4. Thanks a lot, great analysis, just want to add some details I found interesting while browsing the blogger's other reviews. On this, this and this: From the lecture of other reviews I seems to me that the blogger does have a problem with books in which the protagonists are not typical heroes with a deep impact on the world (see his problems with "The Culture", here he finds _the_ two books with something like a hero the best; his problems with the more complex and philosophical books of Mieville - or the problems the blogger has with what little of Continental European SciFi he had read: Jeschke, one book x) ), or books that don't have heroes at all. So yes, he does blame GRRM for exactly the things most people like the books for - that is: not being "like all the others". And some thoughts on this: Of course you are right, a lot of people describe ASOIAF as "gritty realism" because they are irritated about what GRRM is doing in his books, opposed to a "proper" fantasy book (which I would not even try to read at all): Martin is basically throwing history at fantasy tropes, deconstructing and reconstructing them in this process (and heavily using mythological pictures - just to de- and reconstruct them too). That's why main characters can die if they manoeuvre themselves into stupid situations. Because being Caesar/Brutus/Napoleon/Maria Stuart/... (insert random rl-"hero" aka important historical figurine of your liking here) does not make you win every battle, achieve everything you want and live happily ever after automatically*. Because the good guys not only don't exist, but also don't win by being nice. Because the abyss does look back into you and the way to hell is paved with good intentions... etc. pp. Just like: "How was Aragon's tax policy?" Why would someone how has never learned to rule become a good king automatically? Shouldn't he be more like Jon or Dany - learning to rule first? *Because, you know: Daß der Mensch glücklich werde, ist im Bauplan der Schöpfung nicht vorgesehen. - It is not intended within the blueprint of creation for human to be happy. (Sigmund Freud)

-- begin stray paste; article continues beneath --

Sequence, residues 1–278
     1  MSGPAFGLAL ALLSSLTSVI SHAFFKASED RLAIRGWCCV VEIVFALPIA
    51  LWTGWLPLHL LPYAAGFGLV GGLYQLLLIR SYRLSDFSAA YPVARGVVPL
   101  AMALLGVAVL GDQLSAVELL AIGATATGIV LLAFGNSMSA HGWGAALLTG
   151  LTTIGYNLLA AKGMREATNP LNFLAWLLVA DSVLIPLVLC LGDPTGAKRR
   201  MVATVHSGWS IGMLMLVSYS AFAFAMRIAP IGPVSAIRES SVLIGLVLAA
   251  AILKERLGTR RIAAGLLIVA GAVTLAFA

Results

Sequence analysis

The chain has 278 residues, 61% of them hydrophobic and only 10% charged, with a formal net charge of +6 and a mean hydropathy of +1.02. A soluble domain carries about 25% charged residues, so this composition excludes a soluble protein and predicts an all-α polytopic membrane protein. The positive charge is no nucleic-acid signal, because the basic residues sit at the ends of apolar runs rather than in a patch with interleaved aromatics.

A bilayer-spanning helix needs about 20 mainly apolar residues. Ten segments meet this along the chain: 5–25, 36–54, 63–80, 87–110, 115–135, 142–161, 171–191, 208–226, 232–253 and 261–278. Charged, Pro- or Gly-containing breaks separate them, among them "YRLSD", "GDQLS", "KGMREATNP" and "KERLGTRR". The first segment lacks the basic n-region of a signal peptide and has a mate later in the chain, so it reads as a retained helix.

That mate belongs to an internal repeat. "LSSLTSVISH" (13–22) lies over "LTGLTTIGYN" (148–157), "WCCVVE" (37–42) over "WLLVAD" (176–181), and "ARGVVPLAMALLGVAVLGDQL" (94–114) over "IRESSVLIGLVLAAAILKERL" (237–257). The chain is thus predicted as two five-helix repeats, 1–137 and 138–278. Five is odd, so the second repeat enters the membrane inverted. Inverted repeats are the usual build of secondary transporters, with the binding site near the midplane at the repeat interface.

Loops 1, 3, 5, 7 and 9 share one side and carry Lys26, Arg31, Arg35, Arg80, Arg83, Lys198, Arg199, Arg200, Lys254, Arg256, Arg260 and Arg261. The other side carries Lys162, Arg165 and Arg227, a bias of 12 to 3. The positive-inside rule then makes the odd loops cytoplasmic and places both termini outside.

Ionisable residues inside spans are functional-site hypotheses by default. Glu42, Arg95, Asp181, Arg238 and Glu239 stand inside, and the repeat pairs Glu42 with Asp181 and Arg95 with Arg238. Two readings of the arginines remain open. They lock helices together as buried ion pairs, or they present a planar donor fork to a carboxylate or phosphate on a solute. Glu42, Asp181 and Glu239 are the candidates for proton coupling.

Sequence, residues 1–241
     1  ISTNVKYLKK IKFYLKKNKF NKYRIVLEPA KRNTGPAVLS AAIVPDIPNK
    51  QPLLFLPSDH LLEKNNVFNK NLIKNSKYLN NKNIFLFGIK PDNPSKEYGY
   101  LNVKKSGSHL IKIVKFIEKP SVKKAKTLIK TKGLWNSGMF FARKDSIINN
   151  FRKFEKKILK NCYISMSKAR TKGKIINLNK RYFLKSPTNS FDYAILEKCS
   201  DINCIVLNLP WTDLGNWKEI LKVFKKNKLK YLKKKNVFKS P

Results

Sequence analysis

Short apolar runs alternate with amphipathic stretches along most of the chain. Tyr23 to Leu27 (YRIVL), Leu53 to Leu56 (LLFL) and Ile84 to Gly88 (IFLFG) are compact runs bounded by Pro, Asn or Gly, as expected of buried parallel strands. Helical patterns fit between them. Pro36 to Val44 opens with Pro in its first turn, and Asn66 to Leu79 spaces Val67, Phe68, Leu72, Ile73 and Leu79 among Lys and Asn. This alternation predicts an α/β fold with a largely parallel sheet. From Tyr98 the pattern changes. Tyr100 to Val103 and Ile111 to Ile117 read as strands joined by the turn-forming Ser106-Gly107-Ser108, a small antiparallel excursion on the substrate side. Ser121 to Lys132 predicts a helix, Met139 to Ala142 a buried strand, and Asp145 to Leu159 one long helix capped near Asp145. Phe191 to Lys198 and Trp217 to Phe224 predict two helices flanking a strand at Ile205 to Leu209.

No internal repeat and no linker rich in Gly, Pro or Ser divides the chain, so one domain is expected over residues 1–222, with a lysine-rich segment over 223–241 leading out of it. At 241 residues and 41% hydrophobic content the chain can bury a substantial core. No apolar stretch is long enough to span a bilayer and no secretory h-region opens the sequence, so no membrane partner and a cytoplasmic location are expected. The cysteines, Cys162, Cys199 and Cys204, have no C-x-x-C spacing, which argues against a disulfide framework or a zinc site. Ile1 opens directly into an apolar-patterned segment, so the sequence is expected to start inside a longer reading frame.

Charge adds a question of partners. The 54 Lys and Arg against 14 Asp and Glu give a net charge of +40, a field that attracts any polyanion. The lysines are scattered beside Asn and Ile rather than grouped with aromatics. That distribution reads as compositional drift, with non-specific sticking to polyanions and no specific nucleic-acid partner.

5. Well, the sudden appearance of Leto II would surely solve all current problems of Planetos, making it possible to end the series even in one book!